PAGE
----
MB: So I identified with someone whose work just, as a matter of course, takes over everything. Thinking, "What is the way that I'm going to escape from this? I know I will get out of this somehow, and something better will happen to me, but I don't know exactly how that is going to happen." I relate to that feeling. Also Mia going home is an amazing chapter. I think so many millennials identify with that. "I know these people [her relatives]. I love these people. But I cannot tell them the truth about anything."
AA: Yeah. Her granddad is a real character. Mia's one of my favorites in the book, because she's one of the ones who never gives up on her dream. Real go-getter attitude, which I find so impressive.
MB: She really is. There's a big twist that’s never mentioned, or given one line or something. She has this great gig at a magazine. Suddenly everyone recognizes her and she's the envy of all the interns or whatever, and then the beginning of the next chapter is like, "They offered her a position, so she left." A moment of realization that this person is way more ballsy than you anticipated.
AA: She really is.
MB: But it works out. There's also something really sad about the slow burn of… it works out, but Xiaoxiao finishes school and pursues a dream, then the dream crumbles. She has college, and those appear to be the golden years. Then she starts a new dream with the shop, and that vanishes, and those years become the golden years. I feel like she must be wondering, "When is this going to stop?"
AA: I remember feeling that way when I left college.
MB: Another ready-made metaphor is Snail's internet addiction. I know internet addiction or gaming addiction as something that's drifting around in the culture and that sometimes Fox News talks about. But then Snail goes in hard.
AA: That really struck me. I deliberately went into the book trying to find an internet addict to write about. I was thinking, "This is so funny and interesting and quirky, in China the kids are getting addicted to World of Warcraft." So I actually posted in some of these Chinese World of Warcraft forums. The post literally was something like, "Hi. I'm an author. I'm writing about young Chinese. Have you been addicted to World of Warcraft?" Snail’s cousin got in touch with me and wrote, "Oh, my cousin is like this." But I soon realized that this isn't some joke. Addiction is a terrible thing, and it had a real impact on his life. And I started to understand why he was playing World of Warcraft, and the inequalities in society that led him to believe he couldn't succeed in real life but could succeed in virtual life. So that really drove home for me the realities of this broader phenomenon, which is all too often painted in this sort of comic light.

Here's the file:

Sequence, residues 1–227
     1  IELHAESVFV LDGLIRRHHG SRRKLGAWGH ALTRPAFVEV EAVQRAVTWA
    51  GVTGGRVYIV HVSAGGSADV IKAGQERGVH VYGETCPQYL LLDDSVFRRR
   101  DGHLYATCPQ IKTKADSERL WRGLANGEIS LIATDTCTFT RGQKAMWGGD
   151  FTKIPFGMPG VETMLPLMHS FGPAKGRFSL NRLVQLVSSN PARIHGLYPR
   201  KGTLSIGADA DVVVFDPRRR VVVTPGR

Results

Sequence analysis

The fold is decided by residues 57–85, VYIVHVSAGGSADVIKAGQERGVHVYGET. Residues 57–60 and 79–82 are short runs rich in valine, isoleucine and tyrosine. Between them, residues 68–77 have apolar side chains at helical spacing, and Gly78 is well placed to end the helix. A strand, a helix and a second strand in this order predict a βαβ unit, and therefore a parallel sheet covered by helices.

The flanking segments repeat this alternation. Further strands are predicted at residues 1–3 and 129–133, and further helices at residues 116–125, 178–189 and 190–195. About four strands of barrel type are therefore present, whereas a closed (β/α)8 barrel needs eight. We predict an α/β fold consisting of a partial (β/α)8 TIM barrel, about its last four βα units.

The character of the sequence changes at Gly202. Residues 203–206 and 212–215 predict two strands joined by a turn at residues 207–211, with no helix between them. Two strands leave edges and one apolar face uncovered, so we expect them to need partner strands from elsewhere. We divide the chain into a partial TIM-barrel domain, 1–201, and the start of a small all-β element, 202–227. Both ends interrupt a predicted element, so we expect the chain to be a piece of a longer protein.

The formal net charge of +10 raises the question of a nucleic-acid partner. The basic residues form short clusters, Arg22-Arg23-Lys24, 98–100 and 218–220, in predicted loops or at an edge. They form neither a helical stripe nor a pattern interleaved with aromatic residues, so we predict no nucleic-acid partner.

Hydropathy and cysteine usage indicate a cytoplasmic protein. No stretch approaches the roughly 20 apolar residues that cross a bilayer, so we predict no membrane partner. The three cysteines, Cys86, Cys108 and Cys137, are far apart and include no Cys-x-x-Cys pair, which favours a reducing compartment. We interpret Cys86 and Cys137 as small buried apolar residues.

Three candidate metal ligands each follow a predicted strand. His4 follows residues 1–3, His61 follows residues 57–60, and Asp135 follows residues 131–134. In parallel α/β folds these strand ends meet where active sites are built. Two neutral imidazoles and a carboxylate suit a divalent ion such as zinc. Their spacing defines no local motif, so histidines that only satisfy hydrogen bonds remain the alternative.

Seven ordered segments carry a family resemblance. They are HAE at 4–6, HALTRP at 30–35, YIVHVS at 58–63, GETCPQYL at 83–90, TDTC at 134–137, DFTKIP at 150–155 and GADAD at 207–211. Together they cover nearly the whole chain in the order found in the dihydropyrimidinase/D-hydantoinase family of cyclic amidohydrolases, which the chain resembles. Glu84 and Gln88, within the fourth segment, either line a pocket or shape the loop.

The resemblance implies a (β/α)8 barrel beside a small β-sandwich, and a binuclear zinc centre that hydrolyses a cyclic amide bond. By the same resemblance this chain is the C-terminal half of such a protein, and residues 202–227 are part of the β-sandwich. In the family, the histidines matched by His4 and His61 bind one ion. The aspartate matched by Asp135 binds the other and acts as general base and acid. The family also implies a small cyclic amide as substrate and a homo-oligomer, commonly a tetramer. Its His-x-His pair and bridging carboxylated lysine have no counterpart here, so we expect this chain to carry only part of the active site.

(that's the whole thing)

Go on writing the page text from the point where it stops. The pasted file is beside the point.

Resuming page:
MB: Then his karaoke adventures. It's a carefully painted picture.
AA: That town was interesting. I didn't go with Snail to that one, he was too busy.
MB: You went alone?
AA: I turned up at that karaoke parlor alone and pretended to be a customer. But I couldn't afford to pay for any of the rooms. So luckily when I turned up they were all full. I waited in the back with all of the karaoke girls. Just chatting with them and chatting with Mrs. Money.
AA: That was the only part of the book that felt that way. Like subterfuge.
MB: Okay. Chinese translation?
AA: I hope so. I think it's important that you're accountable to the people that you write about, and that the generation you're writing about can read it. I think there are sensitivities in the book which may make that difficult, but we'll see.
MB: What's next?
AA: I'd love to keep writing. I'm doing magazine articles right now and I'd love to do another book.
Alec Ash is a writer and journalist in Beijing, author of Wish Lanterns, nonfiction about the lives of six young Chinese published by Picador.
He studied English literature at Oxford University, and first moved to Beijing in 2008. His articles have appeared in The Economist, Dissent, Foreign Policy and elsewhere. He is a regular blogger for the Los Angeles Review of Books, contributing author to the book of reportage Chinese Characters and co-editor of the anthology While We’re Here.
He founded and edits the Anthill, a ‘writers’ colony’ of stories from China.